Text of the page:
As a result of sustained efforts since the 1980s, Northern Ireland today has a far more peaceful, prosperous and stable society. The Irish Government has worked alongside the British Government and the political parties in Northern Ireland for over three decades to bring about this change: that work continues to the present day.
The Anglo-Irish Treaty signed in 1921established a 26-county Irish Free State. Two distinct groups emerged in Northern Ireland: those in favour of union with the United Kingdom (Unionists) and those in favour of unity with the Republic of Ireland (Nationalists).
From 1921 to 1972 Northern Ireland had its own devolved government (separate from Westminster), in the control of the Unionist majority. This resulted in discrimination against Nationalists in areas such as voting, housing and employment.
In 1969, peaceful Nationalist civil rights campaigners in Northern Ireland experienced a repressive reaction which led to civil unrest. The Government of Northern Ireland requested the deployment of the British Army, and there was a revival of paramilitary organisations: the Irish Republican Army (IRA) on the Nationalist side, and Loyalist paramilitary groups on the Unionist side. There followed a period of sustained conflict, commonly known as the Troubles.
In the early 1980s the Irish and British Governments began working more closely together to achieve a political settlement acceptable to the whole community. The Anglo-Irish Agreement was signed by both Governments in November 1985, allowing the Irish Government to put forward views and proposals on affairs in Northern Ireland. It also put in place structures to help the two Governments to find a lasting solution to the conflict.
1993 - 1998
In 1993 the two Governments issued a Joint Declaration which set out a charter for peace and reconciliation in Ireland, and gave those associated with paramilitary violence a route into the political process. The IRA and Loyalist paramilitaries announced a cessation of their activities in 1994. In 1996, an international body under the chairmanship of US Senator George Mitchell provided an independent assessment of the decommissioning of paramilitary arms.
Multi-party talks began in 1996, chaired by Senator Mitchell and involving the Irish and British Governments and all the elected parties in Northern Ireland. These talks ultimately culminated in the Good Friday Agreement agreed on 10 April 1998.
The Good Friday Agreement
The Good Friday Agreement was endorsed by the people of Ireland, North and South, in referenda held in May 1998.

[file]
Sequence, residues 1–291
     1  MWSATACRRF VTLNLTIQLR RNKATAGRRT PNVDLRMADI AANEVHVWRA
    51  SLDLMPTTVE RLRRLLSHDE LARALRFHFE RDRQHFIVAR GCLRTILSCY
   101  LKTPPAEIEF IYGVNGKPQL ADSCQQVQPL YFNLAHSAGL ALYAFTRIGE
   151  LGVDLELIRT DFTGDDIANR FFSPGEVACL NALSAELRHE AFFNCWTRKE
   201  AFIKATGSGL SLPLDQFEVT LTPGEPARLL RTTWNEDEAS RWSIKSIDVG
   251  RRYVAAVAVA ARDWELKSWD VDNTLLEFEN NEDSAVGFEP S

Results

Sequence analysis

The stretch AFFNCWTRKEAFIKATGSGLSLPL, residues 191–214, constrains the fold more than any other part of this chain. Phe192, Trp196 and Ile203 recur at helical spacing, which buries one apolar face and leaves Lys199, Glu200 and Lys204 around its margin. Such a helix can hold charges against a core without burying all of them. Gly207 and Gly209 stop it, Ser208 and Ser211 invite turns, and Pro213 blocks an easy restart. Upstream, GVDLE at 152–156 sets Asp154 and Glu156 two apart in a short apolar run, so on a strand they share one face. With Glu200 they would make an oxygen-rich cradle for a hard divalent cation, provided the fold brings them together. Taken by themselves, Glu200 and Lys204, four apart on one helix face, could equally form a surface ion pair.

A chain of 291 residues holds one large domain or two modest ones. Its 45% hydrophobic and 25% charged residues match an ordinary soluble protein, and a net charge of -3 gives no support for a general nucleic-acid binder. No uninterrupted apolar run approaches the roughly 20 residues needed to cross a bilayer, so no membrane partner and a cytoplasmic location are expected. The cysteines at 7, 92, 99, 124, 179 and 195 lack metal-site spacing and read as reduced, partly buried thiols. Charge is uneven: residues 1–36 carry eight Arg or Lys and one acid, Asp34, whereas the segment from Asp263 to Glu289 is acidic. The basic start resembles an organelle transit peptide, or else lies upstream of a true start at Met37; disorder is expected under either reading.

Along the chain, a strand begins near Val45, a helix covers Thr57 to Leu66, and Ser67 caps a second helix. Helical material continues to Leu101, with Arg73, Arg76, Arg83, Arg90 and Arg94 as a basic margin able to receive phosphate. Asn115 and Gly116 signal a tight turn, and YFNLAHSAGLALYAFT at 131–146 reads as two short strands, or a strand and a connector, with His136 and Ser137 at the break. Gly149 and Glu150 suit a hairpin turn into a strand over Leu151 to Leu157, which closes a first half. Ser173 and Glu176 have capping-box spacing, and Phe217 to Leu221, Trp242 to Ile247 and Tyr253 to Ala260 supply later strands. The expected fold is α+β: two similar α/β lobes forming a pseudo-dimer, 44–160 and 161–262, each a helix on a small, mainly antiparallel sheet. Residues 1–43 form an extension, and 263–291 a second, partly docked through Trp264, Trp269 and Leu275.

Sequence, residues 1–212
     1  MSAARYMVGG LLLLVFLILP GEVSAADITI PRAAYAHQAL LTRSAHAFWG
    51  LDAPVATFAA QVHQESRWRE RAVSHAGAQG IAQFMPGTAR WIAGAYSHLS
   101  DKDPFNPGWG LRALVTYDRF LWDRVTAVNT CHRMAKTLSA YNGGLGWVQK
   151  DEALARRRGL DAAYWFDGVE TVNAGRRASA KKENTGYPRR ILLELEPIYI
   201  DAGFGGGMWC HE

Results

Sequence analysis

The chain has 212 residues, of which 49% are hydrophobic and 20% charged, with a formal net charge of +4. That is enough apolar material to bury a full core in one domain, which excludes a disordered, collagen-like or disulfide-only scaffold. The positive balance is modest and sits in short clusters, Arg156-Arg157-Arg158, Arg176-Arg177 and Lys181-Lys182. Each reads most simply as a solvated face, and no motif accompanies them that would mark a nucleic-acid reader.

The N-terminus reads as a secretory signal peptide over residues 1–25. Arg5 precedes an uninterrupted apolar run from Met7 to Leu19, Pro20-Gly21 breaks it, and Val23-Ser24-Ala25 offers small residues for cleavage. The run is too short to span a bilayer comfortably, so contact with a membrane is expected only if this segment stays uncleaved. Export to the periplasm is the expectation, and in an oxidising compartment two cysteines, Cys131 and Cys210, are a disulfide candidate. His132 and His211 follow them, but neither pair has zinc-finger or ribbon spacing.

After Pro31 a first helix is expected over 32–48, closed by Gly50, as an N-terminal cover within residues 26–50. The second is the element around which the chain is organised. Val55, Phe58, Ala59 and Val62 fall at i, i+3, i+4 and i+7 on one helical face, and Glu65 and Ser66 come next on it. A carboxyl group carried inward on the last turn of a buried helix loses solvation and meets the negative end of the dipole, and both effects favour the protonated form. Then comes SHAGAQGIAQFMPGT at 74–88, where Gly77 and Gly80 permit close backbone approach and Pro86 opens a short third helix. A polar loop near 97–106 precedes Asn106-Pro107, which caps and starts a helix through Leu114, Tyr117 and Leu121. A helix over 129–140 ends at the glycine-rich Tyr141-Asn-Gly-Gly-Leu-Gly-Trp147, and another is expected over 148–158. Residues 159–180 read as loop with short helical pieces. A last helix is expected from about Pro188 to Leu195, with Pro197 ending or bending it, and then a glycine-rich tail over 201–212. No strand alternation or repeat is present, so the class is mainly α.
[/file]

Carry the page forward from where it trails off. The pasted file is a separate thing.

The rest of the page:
The Agreement provided for the establishment of three structures:
- the Northern Ireland Assembly and Executive, allowing elected political parties to share power. The Assembly is located at Stormont, just outside Belfast.
- the North South Ministerial Council to develop cooperation between both parts of Ireland.
- the British-Irish Council to promote the relationship between Ireland and Britain.
International Support for the Peace Process
The peace process in Northern Ireland has benefited from the support of the international community, including EU partners, the US, and others. The EU has provided political backing for the evolving peace process. It has also provided concrete support for the regeneration of the economy and for cross-community reconciliation, through the International Fund for Ireland and the EU’s Programmes for Peace and Reconciliation in Northern Ireland.
Cross-border co-operation on EU issues
The Irish government and the Northern Ireland Executive also work closely together on EU issues, with structures in place at ministerial and official level to discuss policy issues of common interest. Northern Ireland will be closely associated with Irish Presidency, for example at the European Affairs Ministers’ informal meeting in Dublin in January.
Northern Ireland today
Northern Ireland today is feeling the impact of the global economic downturn, but nonetheless continues its emergence from its troubled recent past. New industries are being created, cities are being revitalized, and tourist numbers continue to rise with the addition of major new attractions such as the Titanic Quarter in Belfast.
The sustained efforts of politicians from Northern Ireland, Britain and Ireland have paid real dividends. And as a result the relationship between Britain and Ireland is warmer and closer than ever, reflected in the hosting by then President McAleese of a successful and moving State Visit to Ireland by the Queen in 2011.